Friday, July 31, 2009
Getting The Spiritual Side Of It
It just feels like it’s been a lousy summer at the movies. Sure there are a few films I won’t mention that I still haven’t seen and by this point I’m thinking I never will. Sometimes, life’s just too short. Remember when three or four movies would open on a Friday in the summer, not just one giant soulless would-be blockbuster? I miss those days. So if you haven’t seen Kathryn Bigelow's THE HURT LOCKER yet just know that it’s highly recommended. Bigelow is a director whose films are not always as good as she is…as good as NEAR DARK definitely was. I bring this up because it reminds me of a summer movie that Bigelow directed a number of years ago, namely POINT BREAK. I saw it then, but was always kind of resistant to it, mostly because I was thinking of its inherent ridiculousness more than anything. Now I look at it and I not only realize how good we had it with our summer movies in comparison back then, I’m kind of in awe of how some of the action is pulled off. That doesn’t mean that I still don’t think some of it is damn absurd though I’ll freely admit that the tribute to it in HOT FUZZ (“No, I have not ever fired my gun up in the air and gone, ‘Ahhhhh!’”) pretty much justifies its existence as far as I’m concerned. POINT BREAK may in fact be the ultimate example of the best and worst elements of its director but at its best it’s pretty damn awesome. It’s a film where, in the middle of a shootout a cute blonde taking a shower screams in terror then the next time we see her she’s gotten the drop on our hero, fully naked, is kicking his ass and doing a damn good job of it. Hard not to love a movie that features that.
FBI Agent Johnny Utah (Keanu Reeves) arrives for duty in L.A. and, partnered with longtime agent Angelo Pappas (Gary Busey) begins investigating a series of bank robberies perpetrated by a team that calls themselves the “ex-presidents” due to the masks of former commanders-in-chief they wear in each of their robberies, numbering 27 banks in three years. Circumstantial evidence has led Pappas to believe that the Ex-Presidents are in fact a team of surfers and he recruits Utah to begin surfing (“You’re saying that the FBI is going to pay me to learn to surf?”) in order to make his way into that culture and possibly locate the culprits. After convincing surfer girl Tyler Endicott (Lori Petty) to teach him the basics of the sport he soon is introduced to her group of friends led by the charismatic Bodhi (Patrick Swayze). Utah soon finds himself drawn to this lifestyle they lead particularly their approach to the art of surfing but, after focusing on another gang who turn out to be innocent, Utah begins to suspect that the ones he’s looking for are closer than he realizes.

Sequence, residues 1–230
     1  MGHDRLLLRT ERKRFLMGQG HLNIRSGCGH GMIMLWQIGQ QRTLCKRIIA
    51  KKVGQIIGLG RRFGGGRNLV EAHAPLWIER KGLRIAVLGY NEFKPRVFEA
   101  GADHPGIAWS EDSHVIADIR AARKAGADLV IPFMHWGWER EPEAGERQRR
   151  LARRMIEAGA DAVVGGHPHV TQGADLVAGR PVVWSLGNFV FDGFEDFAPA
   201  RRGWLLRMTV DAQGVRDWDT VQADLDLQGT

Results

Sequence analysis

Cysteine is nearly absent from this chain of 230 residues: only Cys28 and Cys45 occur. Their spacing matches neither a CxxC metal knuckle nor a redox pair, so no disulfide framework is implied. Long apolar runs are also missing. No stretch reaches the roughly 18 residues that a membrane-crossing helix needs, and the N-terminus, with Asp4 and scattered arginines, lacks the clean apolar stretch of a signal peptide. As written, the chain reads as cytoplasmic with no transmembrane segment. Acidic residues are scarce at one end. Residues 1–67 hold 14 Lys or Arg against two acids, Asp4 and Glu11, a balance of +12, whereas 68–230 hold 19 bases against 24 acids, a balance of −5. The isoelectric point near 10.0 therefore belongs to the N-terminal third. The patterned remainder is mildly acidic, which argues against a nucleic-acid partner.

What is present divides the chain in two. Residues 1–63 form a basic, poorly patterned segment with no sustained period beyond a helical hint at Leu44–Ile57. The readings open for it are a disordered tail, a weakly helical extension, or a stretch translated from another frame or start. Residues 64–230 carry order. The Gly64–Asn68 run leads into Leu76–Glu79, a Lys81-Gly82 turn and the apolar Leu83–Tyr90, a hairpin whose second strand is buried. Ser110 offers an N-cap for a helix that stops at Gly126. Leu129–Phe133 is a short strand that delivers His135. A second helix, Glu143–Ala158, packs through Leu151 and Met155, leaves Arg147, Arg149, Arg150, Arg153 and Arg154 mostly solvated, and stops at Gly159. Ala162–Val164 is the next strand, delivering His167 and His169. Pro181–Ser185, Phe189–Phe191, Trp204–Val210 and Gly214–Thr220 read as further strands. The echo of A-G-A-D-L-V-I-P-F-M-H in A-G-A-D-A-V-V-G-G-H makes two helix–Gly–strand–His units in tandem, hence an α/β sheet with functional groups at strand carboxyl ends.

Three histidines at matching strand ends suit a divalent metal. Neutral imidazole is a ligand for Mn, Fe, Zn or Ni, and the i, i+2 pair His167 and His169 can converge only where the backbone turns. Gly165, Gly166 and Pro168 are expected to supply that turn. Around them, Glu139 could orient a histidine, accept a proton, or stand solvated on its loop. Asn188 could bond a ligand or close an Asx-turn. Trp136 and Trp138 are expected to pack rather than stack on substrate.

The screenplay by W. Peter Iliff (story by Iliff & Rick King) is frankly absurd in its plausibility but strangely compelling in how it commits to its themes, something you feel the director drawn to from the very first frame. Kathryn Bigelow’s films seem to all be about taking it to the limit in life and through that trial by fire you discover who you really are. Each of them varies somewhat in their effectiveness but in POINT BREAK you really do feel that surge of adrenaline and at its very best it’s damn near impossible to not get sucked up in that. It’s as if in ignoring the ridiculousness of the basic concept and plot points, Bigelow takes a bungee jump off a high bridge in the hopes that it’ll all come together and in that total conviction to what she shoots it somehow does. The entire film is put together in immaculate fashion, with the director displaying a remarkable eye for framing and the relentless pacing of the action scenes is at times remarkable (For the record: Donald Peterman was the DP and Howard Smith was the editor. They deserve a huge amount of credit as well). The surfing scenes, no matter how indebted they are to John Milius’s underrated BIG WEDNESDAY are absolutely beautiful and, like the Milius film, actually sell me on how addictive this lifestyle can be, if only for a few minutes.
The justly famous foot chase is about as good an example of this sort of thing ever seen, almost making me forget about wondering how someone can pull off this sort of thing with a giant mask on their head and I just marvel at how this is shot and put together…why aren’t there action movies made today that are this exhilarating in their total clarity? But in thinking about this it does lead me to thinking about one of the key flaws though…the scripts Bigelow works off of rarely feel like they don’t have a few holes that could be patched up and it feels like a flaw in her as a director that she doesn’t have that done…so as a result the end of the foot chase where Keanu doesn’t shoot Swayze “because he loves him so much” as HOT FUZZ put it, just doesn’t play for me. The sensation is there in the moment but I don’t buy it, not on a plot level of Johnny Utah getting sucked into this world and not on a homoerotic level either. The film could have gotten there…but in its quest for ultimate sensation it doesn’t go the distance in making me buy some of the plot and it feels like one of Bigelow’s great flaws in that she doesn’t seem able or willing to push her own story to its limit, instead focusing on that adrenaline rush.